Math Background

Money: When Students Ask

  • How do I know how much a coin is worth?
    Make a classroom chart with coins and their values. Encourage children to use the chart to describe and compare coins. Talk about the size, color, and pictures of the different coins. Refer to the chart when you engage children in real-life classroom situations that involve money.
  • How do I know what coin to start with when I count a group of coins?
    Display a quarter, nickel, and a penny. Have volunteers name each coin and its value. Determine as a group which coin has the greatest value. Point out that counting coins is much quicker if you begin counting on from the coin with the greatest value—in this case, the quarter. Repeat with different groups of coins.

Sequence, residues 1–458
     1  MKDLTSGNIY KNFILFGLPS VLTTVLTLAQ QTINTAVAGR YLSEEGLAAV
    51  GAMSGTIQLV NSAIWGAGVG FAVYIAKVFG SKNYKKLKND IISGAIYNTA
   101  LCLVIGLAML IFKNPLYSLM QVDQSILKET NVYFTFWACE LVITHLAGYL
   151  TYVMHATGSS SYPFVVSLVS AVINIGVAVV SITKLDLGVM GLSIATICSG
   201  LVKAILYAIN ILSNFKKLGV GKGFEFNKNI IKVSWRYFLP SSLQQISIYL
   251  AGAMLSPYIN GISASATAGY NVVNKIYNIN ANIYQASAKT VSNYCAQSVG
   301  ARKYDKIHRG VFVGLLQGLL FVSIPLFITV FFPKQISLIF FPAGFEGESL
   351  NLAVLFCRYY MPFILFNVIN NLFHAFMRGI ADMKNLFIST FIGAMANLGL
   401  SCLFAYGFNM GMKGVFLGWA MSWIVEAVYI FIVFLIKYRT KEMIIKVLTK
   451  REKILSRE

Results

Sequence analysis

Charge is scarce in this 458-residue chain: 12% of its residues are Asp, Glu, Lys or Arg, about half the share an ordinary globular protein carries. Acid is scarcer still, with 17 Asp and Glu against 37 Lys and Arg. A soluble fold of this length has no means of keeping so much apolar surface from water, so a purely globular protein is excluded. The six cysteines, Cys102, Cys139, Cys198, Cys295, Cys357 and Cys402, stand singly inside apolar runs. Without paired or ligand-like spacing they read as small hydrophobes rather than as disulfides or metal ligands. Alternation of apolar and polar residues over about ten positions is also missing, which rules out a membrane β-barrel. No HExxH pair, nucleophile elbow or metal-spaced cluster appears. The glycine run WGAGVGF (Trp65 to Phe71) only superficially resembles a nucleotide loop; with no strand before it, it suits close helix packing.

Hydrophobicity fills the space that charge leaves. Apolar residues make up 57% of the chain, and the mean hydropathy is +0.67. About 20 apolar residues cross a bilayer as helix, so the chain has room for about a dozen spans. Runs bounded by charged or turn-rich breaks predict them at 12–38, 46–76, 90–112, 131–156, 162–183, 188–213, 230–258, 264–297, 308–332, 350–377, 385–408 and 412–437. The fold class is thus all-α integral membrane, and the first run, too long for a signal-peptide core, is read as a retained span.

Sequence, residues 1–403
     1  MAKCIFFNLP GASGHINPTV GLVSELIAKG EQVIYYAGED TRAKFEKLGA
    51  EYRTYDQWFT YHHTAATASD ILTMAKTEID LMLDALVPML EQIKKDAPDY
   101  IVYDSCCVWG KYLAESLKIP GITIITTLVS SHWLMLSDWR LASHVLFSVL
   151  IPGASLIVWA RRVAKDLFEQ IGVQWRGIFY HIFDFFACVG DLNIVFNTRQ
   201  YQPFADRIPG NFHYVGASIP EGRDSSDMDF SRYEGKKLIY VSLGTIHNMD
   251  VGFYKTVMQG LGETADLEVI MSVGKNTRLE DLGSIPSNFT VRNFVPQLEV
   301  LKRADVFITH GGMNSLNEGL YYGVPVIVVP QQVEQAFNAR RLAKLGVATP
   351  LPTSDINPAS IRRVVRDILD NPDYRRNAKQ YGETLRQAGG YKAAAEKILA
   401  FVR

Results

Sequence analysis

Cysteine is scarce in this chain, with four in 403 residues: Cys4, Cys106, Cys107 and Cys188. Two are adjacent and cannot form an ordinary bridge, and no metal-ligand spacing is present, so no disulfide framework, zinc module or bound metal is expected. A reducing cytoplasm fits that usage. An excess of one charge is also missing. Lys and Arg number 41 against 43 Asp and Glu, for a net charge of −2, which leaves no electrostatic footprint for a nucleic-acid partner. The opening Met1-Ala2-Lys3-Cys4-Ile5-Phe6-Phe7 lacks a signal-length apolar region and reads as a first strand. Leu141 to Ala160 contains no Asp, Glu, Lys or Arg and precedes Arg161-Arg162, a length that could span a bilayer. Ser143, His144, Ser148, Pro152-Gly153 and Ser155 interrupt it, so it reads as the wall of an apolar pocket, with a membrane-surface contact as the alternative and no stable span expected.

• How do I know if I have enough money to buy something?
    Bring in grocery or drugstore ads that show items with prices less than 50¢. Display 3 dimes and 1 nickel. Count together to find the total value of the coins. Ask if you have more than 50¢ or less than 50¢. After children determine that you have less than 50¢, point out that you do not have enough money to buy the item. Then ask what other coins you need to make 50¢. Continue with other examples.

Houghton Mifflin Math Grade 1